Skip to content

Cool Free program to explore 3d universe,& the “Galaxy song”

February 26, 2009

Forgive the delay in posting this. This finishes off the theme of the past few days, which was set off by the images and video of this prior post.

Fly through the universe

Ever wanted to explore space?  This free program called “Celestia” allows you to do just that. Its an interactive 3d space simulation and its awesome! See just how far the Moon is from Earth, or Earth from the Sun, or whatever you wish- this is the best free space program out there ! Explore the milky way, nearby galaxies, thousands of star systems, to the moons of Jupiter , the orbit of planets, to orbiting satellites like Hubble & the International space station. Visit nearby star systems, or beautiful nebula, explore mountain ranges on mars and much more! Another feature is the ability to jump through time to see where various celestial bodies will be, or have been (estimated). See where earth is in real time. See when the next astrological alignment will occur, or the next eclipse. Watch asteroids & comets swing near earth, their orbits drawing nearer or farther as the years tick by.  Follow probes like Cassini  as it heads deeper into space.  Another option is to turn on or off related info for each celestial body- view names and other stats. You can also take picture or movies.

New stars,galaxies, & content add-ons  are made available quite often.

Here’s a video of Celestia in action:

Some tips on using Celestia:
Right mouse click + left click controls movement, scroll wheel zooms in and out.
Familiarize yourself with the toolbar:
Render- highlighted for importance.  To see space in its full glory, go to “render” and then “view options”. On that screen, un-check any labels, orbits, & constellations to get a clearer view, unimpeded by text or lines.
At the bottom of this window,  increase “filter stars” distance to increase the amount of visible bodies.  Then hit OK.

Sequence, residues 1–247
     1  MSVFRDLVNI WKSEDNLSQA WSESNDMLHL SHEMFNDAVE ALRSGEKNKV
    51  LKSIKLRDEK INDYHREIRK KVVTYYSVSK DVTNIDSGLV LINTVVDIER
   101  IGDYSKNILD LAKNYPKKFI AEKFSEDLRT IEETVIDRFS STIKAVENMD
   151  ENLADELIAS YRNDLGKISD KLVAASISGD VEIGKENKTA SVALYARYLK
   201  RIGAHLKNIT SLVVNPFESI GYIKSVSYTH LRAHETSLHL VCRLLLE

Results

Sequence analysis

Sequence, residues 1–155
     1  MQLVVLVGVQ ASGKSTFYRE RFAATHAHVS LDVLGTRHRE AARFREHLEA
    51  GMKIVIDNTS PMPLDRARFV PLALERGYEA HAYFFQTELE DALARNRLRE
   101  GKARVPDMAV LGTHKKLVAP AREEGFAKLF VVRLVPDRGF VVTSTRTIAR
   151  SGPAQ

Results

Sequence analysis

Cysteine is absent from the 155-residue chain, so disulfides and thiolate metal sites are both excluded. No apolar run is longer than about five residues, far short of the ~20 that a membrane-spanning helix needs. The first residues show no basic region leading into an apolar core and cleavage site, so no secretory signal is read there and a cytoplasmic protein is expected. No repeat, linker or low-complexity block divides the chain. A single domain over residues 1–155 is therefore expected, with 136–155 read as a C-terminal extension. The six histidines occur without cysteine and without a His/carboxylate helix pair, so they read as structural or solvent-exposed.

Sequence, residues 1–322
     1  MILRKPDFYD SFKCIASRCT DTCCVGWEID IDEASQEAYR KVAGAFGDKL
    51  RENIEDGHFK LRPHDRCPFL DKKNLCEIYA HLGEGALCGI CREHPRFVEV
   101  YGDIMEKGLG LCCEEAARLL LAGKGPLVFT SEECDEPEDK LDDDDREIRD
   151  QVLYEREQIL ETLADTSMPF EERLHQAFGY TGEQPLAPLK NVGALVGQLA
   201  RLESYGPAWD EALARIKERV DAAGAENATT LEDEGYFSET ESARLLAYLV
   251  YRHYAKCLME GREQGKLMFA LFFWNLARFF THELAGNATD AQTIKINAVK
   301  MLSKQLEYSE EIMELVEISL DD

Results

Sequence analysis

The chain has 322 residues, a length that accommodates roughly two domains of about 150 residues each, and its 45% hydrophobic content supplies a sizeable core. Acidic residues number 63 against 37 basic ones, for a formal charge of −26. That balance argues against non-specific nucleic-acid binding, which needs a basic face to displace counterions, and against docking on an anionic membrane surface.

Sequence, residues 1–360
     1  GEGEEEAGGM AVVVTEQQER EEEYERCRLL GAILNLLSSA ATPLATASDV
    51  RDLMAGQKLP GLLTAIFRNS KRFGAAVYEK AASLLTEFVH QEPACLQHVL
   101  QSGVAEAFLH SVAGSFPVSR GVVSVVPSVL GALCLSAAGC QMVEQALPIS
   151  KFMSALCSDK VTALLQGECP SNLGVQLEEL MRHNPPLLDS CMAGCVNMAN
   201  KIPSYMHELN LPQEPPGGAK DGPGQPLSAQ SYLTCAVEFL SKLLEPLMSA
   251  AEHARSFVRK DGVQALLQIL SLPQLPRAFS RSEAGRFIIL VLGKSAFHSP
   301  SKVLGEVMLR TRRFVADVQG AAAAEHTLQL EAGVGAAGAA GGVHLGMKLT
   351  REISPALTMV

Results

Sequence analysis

Next i really suggest going to Render, then clicking on ” Star Style” – “points” – This will make many more celestial bodies visible.
Click “render” again, and make sure “Auto magnitude” is checked. (Click to turn it on or off, or use “ctrl +y”
Hitting ” ] ” will now also increase the amount of visible stars, and ” [ ” will decrease the amount.
And yes, every little dot you see now can be explored. Simply right click on them to browse options.

Navigation aids with finding what youre looking for and moving to it. You can also right click on any celestial object to “select” it or “go to” it. If you get lost in space, goto Navigation, hit “select sol” and then, through “navigation” again, click “go to selection”. To view space craft, go to “navigation”< “solar system browser” < click on Earth to view near Earth craft, etc.

Time option allows you to move forwards or backwards through time, to view orbits in rotation.

Download “Celestia”
Check out all the options and enjoy!

This program is well worth checking out, i really recommend it! Its pretty intuitive with its simple controls and options.  Follow those “render” suggestions above and i promise you, the 1st time you zoom out from earth to near space, to galactic view you will be in awe of the millions and millions of stars and the brilliant beauty of the cosmos. It’s really cool!


Keeping things in perspective… with humor

Here’s that “other related video” which i mentioned a few days ago.

It’s called “Galaxy song”,  from a comedy classic, the movie  “Monty Python’s Meaning of Life”

One Comment leave one →
  1. Mike permalink
    March 1, 2009 6:25 am

    Just passing by.Btw, your website has great content!

Leave a Reply

Fill in your details below or click an icon to log in: Logo

You are commenting using your account. Log Out /  Change )

Google+ photo

You are commenting using your Google+ account. Log Out /  Change )

Twitter picture

You are commenting using your Twitter account. Log Out /  Change )

Facebook photo

You are commenting using your Facebook account. Log Out /  Change )


Connecting to %s

%d bloggers like this: